Title: I’d Tell You I Love You, But Then I’d Have to Kill You
Author: Ally Carter
Series: The Gallagher Girls
Publish Date: May 1, 2006
Genres: Adventure, Middle School, Fiction
Cammie Morgan is a student at the Gallagher Academy for Exceptional Young Women, a fairly typical all-girls school-that is, if every school taught advanced martial arts in PE and the latest in chemical warfare in science, and students received extra credit for breaking CIA codes in computer class. The Gallagher Academy might claim to be a school for geniuses but it’s really a school for spies. Even though Cammie is fluent in fourteen languages and capable of killing a man in seven different ways, she has no idea what to do when she meets an ordinary boy who thinks she’s an ordinary girl. Sure, she can tap his phone, hack into his computer, or track him through town with the skill of a real “pavement artist”-but can she maneuver a relationship with someone who can never know the truth about her?
Cammie Morgan may be an elite spy-in-training, but in her sophomore year, she’s on her most dangerous mission-falling in love.
I’d Tell You I Love You, But Then I’d Have to Kill You, by Ally Carter, is about the elite school Gallagher Academy for Exceptional Young Women which Cammie Morgan attends. But the school is more than just the castle-like facade that rest of Roseville, Virginia sees. Gallagher Academy is elite school for girls training to become spies. In the first book of the series Cammie “the chameleon” has all the skills and lineage to become a spy, but can she handle the real world?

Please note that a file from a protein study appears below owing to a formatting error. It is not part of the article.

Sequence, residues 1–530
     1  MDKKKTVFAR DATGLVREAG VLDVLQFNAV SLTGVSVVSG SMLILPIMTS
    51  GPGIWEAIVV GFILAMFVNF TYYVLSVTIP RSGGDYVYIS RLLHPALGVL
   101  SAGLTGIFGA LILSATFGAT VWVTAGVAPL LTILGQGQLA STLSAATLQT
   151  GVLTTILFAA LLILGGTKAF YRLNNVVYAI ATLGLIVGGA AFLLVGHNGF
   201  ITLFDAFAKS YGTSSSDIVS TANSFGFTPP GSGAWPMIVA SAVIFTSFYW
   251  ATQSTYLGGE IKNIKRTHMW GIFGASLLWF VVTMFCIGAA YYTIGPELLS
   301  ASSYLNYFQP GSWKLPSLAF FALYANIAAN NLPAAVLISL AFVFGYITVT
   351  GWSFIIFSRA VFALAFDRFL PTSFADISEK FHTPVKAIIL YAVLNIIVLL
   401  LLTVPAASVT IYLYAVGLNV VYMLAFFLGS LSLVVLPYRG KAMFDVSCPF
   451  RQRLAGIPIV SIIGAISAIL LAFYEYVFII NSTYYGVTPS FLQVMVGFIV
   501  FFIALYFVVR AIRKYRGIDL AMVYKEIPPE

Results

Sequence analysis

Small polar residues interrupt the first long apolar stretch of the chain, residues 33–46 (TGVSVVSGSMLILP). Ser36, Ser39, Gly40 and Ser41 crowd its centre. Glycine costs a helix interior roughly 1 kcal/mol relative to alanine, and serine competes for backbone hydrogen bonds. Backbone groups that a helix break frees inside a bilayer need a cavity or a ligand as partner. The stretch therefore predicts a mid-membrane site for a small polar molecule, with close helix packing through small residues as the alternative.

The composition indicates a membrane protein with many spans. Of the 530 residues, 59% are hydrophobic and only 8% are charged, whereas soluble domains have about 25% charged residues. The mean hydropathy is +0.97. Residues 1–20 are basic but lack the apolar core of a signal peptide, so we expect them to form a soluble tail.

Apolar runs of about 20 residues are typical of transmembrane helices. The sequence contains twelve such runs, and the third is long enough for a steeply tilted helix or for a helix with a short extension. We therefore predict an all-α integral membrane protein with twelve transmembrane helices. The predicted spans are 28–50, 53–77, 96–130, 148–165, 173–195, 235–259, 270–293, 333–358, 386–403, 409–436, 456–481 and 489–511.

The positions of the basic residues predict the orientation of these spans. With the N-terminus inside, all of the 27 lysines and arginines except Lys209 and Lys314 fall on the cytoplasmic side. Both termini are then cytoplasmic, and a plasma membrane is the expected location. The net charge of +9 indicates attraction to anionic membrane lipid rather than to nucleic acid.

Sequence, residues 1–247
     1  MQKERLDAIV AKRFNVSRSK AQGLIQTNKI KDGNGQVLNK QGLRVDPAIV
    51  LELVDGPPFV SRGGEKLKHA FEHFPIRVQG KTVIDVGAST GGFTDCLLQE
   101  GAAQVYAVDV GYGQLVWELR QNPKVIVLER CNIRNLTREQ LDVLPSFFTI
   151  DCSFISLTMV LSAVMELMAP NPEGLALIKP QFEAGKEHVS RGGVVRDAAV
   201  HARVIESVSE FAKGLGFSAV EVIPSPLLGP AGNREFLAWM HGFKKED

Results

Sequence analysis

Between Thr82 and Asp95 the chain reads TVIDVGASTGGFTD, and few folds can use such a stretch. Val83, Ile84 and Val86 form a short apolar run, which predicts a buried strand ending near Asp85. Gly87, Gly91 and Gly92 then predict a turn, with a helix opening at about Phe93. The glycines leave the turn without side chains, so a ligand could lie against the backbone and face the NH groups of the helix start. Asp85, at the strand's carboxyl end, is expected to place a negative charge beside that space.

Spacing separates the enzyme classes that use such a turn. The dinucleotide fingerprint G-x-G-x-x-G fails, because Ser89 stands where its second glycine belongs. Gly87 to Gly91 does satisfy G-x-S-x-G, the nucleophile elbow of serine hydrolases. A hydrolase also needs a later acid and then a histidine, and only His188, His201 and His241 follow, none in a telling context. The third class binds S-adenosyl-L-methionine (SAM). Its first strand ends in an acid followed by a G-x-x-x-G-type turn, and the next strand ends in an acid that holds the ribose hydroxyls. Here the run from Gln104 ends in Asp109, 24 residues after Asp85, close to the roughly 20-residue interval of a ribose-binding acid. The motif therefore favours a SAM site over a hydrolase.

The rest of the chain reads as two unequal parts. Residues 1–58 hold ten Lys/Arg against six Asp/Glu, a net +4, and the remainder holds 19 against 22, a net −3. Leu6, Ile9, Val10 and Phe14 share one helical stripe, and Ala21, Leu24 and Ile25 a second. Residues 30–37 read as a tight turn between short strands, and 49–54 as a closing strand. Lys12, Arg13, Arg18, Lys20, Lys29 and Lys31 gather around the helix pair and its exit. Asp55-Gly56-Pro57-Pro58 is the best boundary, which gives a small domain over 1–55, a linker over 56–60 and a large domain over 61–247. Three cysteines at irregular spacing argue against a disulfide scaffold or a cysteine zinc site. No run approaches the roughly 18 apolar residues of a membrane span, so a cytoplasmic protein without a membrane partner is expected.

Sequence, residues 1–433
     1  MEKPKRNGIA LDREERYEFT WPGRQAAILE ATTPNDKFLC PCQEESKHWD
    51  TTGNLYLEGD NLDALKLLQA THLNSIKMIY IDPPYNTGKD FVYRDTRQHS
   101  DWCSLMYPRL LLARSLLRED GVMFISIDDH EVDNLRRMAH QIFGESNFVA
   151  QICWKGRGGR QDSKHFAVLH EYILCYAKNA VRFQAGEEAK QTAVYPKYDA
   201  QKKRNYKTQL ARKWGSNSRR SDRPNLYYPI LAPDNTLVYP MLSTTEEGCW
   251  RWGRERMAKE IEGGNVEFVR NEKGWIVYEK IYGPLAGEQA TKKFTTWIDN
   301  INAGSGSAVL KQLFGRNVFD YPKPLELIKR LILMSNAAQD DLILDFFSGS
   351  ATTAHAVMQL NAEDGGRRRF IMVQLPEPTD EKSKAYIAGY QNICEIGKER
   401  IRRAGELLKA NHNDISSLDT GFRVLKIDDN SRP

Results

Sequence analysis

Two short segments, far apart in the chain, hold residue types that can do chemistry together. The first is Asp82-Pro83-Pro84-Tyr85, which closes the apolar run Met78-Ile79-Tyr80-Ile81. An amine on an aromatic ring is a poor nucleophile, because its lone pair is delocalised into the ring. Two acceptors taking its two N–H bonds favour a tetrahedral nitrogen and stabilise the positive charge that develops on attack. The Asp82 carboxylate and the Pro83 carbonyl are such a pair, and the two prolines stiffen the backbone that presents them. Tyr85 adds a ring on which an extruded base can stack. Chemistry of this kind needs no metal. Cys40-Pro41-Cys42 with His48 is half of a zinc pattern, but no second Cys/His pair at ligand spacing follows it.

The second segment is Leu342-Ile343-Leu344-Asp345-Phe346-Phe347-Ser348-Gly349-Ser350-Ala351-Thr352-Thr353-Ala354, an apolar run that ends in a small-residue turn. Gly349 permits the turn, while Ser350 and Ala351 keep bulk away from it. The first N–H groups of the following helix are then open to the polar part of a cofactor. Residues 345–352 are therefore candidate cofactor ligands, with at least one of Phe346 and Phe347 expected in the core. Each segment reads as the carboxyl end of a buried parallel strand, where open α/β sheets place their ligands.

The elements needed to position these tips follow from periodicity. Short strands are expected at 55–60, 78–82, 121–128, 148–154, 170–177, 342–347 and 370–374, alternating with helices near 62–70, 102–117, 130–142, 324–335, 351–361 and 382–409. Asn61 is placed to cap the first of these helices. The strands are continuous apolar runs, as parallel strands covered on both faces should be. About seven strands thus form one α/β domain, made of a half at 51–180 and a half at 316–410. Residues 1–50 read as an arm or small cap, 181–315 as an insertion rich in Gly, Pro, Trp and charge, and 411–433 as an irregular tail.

I have read this book time and time again, and I even have a signed copies of many books from the Gallagher Girls series, so it’s pretty obvious that I love it. This book has everything that one could want in a teen spy book. Cammie’s three best friends are all very versatile, so everyone who reads this book can connect with either Cammie or one of those three. Bex is both dangerously beautiful and beautifully dangerous. She is adventurous and aggressive, and her flirtatious spirit makes you love her with just a little bit of jealous. And she is always breaking rules, like leaving campus or becoming the only Gallagher Girl from overseas. Liz is the clutzy but crazily intelligent wisp of a girl with no spy background. She is the hand that guides and plans all the friends crazy schemes, because even though she’s more of a behind the scenes person than a front fighter, she is essential to the team. I’d say she reminds me a bit of Hermione Granger from Harry Potter, although this series is in no one a rip off of J.K. Rowling. Macey is the spoiled bad girl, who underneath has almost all the same insecurities and softness of a regular girl. This would be a very typical character except for the fact that throughout the book Macey continually keeps a hard exterior, which makes her friends have to fight with her and for her all the time, rather than having that one “heart warming moment of internal self-actualization” that makes these individualistic characters likable. As well, Macey takes her own journey through this book, but in a different way than expected, by figuring out her potential and her lineage in her spy life. Lastly we have Cammie, the main character of the book. Cammie only sees herself as understated, because she’s a pavement artist and her codename is “the chameleon,” which means that she has the ability to blend in. But Cammie comes from a long line of spies from both sides of her family, and her mom is the headmistress of Gallagher Academy, and she is most definitely not ordinary. If this book had an ordinary setting, Cammie’s belief that she does not stand out would be annoying, because we all know she’s special, and so does Cammie. But Cammie embraces this ability to disappear, uses it to her advantage, because in the spy world being ordinary can be your most useful tool. The appeal of Cammie is that because she blends so easily, we can all see a little piece of ourselves in her.